Using pathology-specific laboratory profiles in Clinical Pathology to reduce inappropriate test requesting: two completed audit cycles
1 Clinical Pathology Department, Clinical Pathology and Transfusion Laboratory of Castelnovo nè Monti, Arcispedale Santa Maria Nuova Hospital (IRCCS), Reggio Emilia, Italy
2 Surgical Department, Endocrinology, Arcispedale Santa Maria Nuova Hospital (IRCCS), Reggio Emilia, Italy
3 Castelnovo né Monti Primary Care Department, Castelnovo né Monti Healthcare District, Reggio Emilia, Castelnovo nè Monti, Italy
4 Statistics and Clinical Epidemiology Department, Statistical Unit, Arcispedale Santa Maria Nuova Hospital (IRCCS), Reggio Emilia, Italy
5 Hospitals Healthcare Management, Reggio Emilia Health Authority, Reggio Emilia, Italy
6 Education and Clinical Innovation Department, Healthcare Library - Clinical Governance Documentation Centre of the Healthcare Trusts of the Province of Reggio Emilia, Arcispedale Santa Maria Nuova Hospital (IRCCS), Reggio Emilia, Italy
BMC Health Services Research 2012, 12:187 doi:10.1186/1472-6963-12-187Published: 3 July 2012
Systematic reviews have shown that, although well prepared, the Consensus Guidelines have failed to change clinical practice. In the healthcare district of Castelnovo né Monti (Reggio Emilia, Italy), it became necessary for the GPs and Clinical Pathologists to work together to jointly define laboratory profiles.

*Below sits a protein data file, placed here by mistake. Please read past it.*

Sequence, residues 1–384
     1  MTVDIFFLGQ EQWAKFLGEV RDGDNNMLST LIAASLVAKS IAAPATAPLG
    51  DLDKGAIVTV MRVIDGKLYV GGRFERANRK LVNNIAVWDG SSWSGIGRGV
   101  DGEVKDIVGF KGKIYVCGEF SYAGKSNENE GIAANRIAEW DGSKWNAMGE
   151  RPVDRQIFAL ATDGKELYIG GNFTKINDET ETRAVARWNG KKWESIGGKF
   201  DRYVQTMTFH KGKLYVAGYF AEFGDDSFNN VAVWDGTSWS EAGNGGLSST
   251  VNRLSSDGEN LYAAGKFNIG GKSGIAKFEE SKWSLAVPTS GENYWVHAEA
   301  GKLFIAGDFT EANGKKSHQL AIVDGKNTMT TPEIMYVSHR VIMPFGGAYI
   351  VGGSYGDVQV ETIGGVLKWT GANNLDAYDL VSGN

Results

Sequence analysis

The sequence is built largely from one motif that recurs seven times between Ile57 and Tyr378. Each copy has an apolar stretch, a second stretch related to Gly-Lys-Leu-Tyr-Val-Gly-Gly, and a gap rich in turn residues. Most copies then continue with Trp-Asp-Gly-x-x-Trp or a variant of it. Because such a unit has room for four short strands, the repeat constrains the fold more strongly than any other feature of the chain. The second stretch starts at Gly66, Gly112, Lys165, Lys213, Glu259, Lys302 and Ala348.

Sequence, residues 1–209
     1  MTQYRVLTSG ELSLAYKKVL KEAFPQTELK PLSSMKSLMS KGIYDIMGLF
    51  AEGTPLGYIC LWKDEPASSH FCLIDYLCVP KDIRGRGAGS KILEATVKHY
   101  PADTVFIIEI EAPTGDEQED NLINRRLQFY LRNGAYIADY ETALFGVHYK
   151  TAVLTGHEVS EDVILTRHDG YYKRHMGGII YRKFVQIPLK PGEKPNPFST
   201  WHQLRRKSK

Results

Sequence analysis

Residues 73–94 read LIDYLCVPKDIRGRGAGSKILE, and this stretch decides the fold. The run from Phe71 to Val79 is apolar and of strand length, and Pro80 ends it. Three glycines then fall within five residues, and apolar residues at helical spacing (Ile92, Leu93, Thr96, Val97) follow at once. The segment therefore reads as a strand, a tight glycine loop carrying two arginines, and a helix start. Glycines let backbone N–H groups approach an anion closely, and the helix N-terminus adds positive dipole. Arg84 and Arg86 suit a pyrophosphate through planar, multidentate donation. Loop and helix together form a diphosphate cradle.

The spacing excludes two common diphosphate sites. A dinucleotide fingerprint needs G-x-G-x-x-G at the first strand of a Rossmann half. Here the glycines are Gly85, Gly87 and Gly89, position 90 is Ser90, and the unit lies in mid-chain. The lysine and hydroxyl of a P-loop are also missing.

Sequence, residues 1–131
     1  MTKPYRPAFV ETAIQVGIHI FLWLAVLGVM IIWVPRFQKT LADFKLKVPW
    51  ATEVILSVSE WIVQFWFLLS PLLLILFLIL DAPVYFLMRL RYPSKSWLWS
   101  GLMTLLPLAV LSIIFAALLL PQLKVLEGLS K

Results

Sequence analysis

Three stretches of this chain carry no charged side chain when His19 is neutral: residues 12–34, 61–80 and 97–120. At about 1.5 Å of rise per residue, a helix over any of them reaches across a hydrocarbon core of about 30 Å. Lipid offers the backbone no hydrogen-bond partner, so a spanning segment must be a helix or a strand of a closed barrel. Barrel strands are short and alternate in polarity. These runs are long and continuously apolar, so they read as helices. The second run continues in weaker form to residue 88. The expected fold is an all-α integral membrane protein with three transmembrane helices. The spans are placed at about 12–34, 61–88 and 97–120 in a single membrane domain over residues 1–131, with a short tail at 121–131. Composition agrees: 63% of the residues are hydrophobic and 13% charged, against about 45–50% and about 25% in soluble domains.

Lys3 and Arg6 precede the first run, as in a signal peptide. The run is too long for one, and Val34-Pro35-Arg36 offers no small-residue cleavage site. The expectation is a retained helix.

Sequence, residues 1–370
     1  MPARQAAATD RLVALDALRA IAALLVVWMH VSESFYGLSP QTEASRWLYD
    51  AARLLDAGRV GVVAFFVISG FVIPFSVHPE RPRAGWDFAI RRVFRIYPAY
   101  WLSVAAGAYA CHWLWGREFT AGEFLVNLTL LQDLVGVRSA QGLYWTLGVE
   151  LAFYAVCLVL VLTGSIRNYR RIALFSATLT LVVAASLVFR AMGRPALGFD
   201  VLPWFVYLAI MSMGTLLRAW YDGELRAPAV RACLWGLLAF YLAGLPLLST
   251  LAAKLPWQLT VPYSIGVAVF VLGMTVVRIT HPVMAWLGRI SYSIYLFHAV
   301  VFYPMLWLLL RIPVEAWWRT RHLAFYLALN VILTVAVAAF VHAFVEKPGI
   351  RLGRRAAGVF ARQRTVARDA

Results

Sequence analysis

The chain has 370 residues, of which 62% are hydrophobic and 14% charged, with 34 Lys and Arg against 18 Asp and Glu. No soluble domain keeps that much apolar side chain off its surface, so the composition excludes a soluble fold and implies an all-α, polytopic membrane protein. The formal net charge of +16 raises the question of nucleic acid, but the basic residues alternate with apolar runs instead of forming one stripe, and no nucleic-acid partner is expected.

Observational study with two cycles of retrospective audit on test request forms, in a primary care setting. Objectives of the study were to develop pathology-specific laboratory profiles and to increase the number of provisional diagnoses on laboratory test request forms. A Multiprofessional Multidisciplinary Inter-hospital Work Team developed pathology-specific laboratory profiles for more effective test requesting. After 8 training sessions that used a combined strategy with multifaceted interventions, the 23 General Practitioners (GPs) in the trial district (Castelnovo nè Monti) tested the profiles; the 21 GPs in the Puianello district were the control group; all GPs in both districts participated in the trial. All laboratory tests for both healthcare districts are performed at the Laboratory located in the trial district. A baseline and a 1-year audit were performed in both districts on the GPs’ request forms.
Seven pathology-specific laboratory profiles for outpatients were developed. In the year after the first audit cycle: 1) the number of tests requested in the trial district was distinctly lower than that in the previous year, with a decrease of about 5% (p < 0.001); 2) the provisional diagnosis on the request forms was 52.8% in the trial district and 42% in the control district (P < 0.001); 3) the decrease of the number of tests on each request form was much more marked in the trial district (8.73 vs. 10.77; p < 0.001).
The first audit cycle showed a significant decrease in the number of tests ordered only in the trial district. The combined strategy used in this study improved the prescriptive compliance of most of the GPs involved. The presence of the clinical pathologist is seen as an added value.